All college students in France depend on a university within their region. All students in a given region go to the university of that region, unless they’re studying certain special subjects which aren’t taught there. In Paris, it’s Paris - its own little region. In the provinces, universities are located in the major cities: Rennes, Grenoble, Aix, Montpellier, Lille, Bordeaux... etc, etc, etc. Until recently, all students from the colonies - of which France had many scattered across the globe - were governed by the rectorat of Bordeaux and went to college there. Which I always felt was cruel to the sons and daughters of ex-slaves whose ancestors had been sold into slavery by traders right here in Bordeaux.
Be that as it may, I’m off to Bordeaux... to visit friends who used to have a restaurant in Montmartre. An excellent, reasonably-priced and friendly restaurant where I spent an inordinate amount of time and money.
Thanks to the TGV bullet train (see my previous blog, Take (the) A Train), that trip now takes only three hours to cover a distance of about 500 km (300 miles). Because I arrive during lunch hour, I’m on my own to make my way to their new restaurant, La Guimbarde des Chartrons. It’s in a neighborhood called Les Chartrons because of the Chartreux convent founded there way back when the area was a marsh (think green Chartreuse liqueur). My instructions are to catch the Tram C right in front of the train station. I fight with the tram ticket machine because here - as in the Paris Métro and in the States as well - entry-level jobs such as ticket sales are now performed by machines that don’t ask for raises or apply for overtime or go on strike. Luckily, a not-too-soused panhandler comes up and helps me out, for which I give him a whopping euro, almost as much as the ticket, but hey, who’s counting? He was nice about it and very enterprising.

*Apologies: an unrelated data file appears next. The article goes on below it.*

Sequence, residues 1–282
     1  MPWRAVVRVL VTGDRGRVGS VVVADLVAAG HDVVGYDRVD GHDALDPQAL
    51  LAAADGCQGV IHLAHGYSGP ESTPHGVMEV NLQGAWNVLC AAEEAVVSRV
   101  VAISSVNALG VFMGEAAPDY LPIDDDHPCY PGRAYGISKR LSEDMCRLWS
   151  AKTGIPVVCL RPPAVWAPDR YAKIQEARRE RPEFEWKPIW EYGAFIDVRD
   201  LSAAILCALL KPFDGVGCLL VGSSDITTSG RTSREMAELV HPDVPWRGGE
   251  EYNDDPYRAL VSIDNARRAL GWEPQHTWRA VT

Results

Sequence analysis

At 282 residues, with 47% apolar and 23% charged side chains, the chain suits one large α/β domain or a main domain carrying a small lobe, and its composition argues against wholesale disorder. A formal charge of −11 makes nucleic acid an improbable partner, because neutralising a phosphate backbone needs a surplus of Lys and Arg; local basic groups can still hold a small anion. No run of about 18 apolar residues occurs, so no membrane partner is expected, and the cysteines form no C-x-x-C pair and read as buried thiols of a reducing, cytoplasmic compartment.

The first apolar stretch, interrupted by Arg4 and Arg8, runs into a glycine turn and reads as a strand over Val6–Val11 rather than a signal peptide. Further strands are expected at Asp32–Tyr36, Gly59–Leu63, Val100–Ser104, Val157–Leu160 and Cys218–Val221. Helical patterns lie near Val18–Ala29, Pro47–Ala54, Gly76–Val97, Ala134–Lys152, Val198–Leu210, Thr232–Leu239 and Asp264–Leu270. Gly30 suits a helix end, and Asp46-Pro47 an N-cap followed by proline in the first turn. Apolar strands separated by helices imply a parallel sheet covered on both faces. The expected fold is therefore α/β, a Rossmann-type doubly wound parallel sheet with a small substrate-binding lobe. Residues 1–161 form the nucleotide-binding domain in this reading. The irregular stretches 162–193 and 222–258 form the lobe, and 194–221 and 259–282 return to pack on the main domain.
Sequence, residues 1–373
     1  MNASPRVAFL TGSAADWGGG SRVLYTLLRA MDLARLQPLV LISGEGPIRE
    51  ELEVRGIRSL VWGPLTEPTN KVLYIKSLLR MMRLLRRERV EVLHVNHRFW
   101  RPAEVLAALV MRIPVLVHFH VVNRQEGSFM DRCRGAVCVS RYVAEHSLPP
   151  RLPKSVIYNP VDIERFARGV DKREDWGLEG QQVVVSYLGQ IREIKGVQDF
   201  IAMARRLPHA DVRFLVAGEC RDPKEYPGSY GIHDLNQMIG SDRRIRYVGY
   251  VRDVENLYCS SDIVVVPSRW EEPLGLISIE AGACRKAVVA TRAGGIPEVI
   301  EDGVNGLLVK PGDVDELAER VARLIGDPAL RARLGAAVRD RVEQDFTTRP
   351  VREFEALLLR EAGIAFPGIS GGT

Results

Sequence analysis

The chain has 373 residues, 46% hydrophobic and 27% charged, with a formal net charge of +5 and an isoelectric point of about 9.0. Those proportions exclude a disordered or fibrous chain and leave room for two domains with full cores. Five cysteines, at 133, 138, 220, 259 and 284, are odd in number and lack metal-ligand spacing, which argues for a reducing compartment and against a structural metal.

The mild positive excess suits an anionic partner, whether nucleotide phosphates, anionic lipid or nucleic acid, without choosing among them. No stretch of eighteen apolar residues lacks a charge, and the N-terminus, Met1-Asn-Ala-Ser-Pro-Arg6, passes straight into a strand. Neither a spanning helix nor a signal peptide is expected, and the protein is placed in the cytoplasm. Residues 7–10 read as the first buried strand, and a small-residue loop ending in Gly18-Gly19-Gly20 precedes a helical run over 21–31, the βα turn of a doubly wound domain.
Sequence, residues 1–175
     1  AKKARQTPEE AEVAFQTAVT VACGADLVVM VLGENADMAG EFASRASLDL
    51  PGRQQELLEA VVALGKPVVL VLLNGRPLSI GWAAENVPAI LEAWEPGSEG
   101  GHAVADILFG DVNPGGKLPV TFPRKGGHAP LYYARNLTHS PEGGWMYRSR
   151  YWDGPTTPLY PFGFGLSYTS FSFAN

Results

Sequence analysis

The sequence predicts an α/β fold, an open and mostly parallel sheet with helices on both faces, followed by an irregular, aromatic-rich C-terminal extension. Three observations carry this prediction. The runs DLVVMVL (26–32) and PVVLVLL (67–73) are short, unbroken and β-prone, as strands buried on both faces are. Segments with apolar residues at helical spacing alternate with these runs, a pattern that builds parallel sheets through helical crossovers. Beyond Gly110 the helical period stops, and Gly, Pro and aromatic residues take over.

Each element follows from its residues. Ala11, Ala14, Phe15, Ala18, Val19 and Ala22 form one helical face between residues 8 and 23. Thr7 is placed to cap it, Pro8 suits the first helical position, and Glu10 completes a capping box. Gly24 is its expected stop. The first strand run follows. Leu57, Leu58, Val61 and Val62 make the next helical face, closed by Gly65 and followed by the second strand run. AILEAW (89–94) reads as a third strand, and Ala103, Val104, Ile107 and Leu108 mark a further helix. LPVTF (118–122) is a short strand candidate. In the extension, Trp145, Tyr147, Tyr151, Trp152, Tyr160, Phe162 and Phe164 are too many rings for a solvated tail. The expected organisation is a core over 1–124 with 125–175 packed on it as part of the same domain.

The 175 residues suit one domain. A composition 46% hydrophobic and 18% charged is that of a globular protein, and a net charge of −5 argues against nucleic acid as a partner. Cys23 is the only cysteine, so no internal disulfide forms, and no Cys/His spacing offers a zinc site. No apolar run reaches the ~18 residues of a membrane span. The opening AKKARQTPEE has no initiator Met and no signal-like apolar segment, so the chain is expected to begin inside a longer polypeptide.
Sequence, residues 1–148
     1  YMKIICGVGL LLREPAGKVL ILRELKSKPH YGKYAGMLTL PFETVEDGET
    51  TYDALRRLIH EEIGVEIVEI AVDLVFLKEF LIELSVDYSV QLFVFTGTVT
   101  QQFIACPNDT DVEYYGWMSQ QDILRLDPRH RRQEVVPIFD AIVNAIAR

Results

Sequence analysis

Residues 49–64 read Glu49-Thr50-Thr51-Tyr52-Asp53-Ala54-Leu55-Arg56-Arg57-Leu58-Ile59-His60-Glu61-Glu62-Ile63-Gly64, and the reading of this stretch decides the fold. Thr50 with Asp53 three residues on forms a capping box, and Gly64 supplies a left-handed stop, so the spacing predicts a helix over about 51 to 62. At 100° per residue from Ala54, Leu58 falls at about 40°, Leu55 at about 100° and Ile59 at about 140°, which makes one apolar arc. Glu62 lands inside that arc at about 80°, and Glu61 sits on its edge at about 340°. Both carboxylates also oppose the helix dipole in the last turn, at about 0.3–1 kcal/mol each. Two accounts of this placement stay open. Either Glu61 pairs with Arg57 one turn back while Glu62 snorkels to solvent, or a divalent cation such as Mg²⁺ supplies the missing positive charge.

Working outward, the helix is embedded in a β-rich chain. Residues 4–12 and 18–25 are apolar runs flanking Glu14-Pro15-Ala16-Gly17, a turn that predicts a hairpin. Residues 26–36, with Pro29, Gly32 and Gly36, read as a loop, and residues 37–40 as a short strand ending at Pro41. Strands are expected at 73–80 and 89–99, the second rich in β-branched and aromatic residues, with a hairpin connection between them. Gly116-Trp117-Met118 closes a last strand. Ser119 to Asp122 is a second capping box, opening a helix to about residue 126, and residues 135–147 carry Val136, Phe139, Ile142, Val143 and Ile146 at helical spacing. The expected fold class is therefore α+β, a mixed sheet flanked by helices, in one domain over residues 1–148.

The tram stop is near the Place du Marché des Chartrons, an octagonal building that used to be the neighborhood farmer’s market but is now a center for cultural events - which is pretty standard recycling of urban structures in French cities. It reminds me quite a bit of the old Les Halles market buildings in Paris that were torn down in the late Sixties. But as Lélia, Gilles and I have a lot of catching up to do - and as they have a large dinner crowd to serve - the rest of Bordeaux will have to wait until tomorrow.
Day 2: I’m not allowed to help set up the restaurant in the morning. Or I’m dispensed of working. Depends on how you look at it. Lunch comes early so that they can be ready for the customers by noon. But after the dust settles, Lélia takes me for a walk in Jardin Public, a huge public garden that didn’t deserve a name of its own, I guess. We sit and have a cup of tea while Tino, their dog, sleeps under the table. Mothers walk by with children, students push bikes, and then I spot something familiar on the pond: Canada geese! Even over here! Then it’s back to the restaurant to get ready for the dinner crowd.
|Pont de Pierre|
I wander through the narrow, winding streets of the older section of the city - the part nearer the river - and end up at Eglise St. Pierre, equally old but more intimate by far than the Cathedral. As I come out, I look up and see a guy seemingly suspended in mid-air but actually perched on a tiny balcony, typing away on his laptop. A strange juxtaposition of eras, almost like time travel.
Across from it is a reflecting pool not even an inch deep... just enough to amuse children and photographers alike.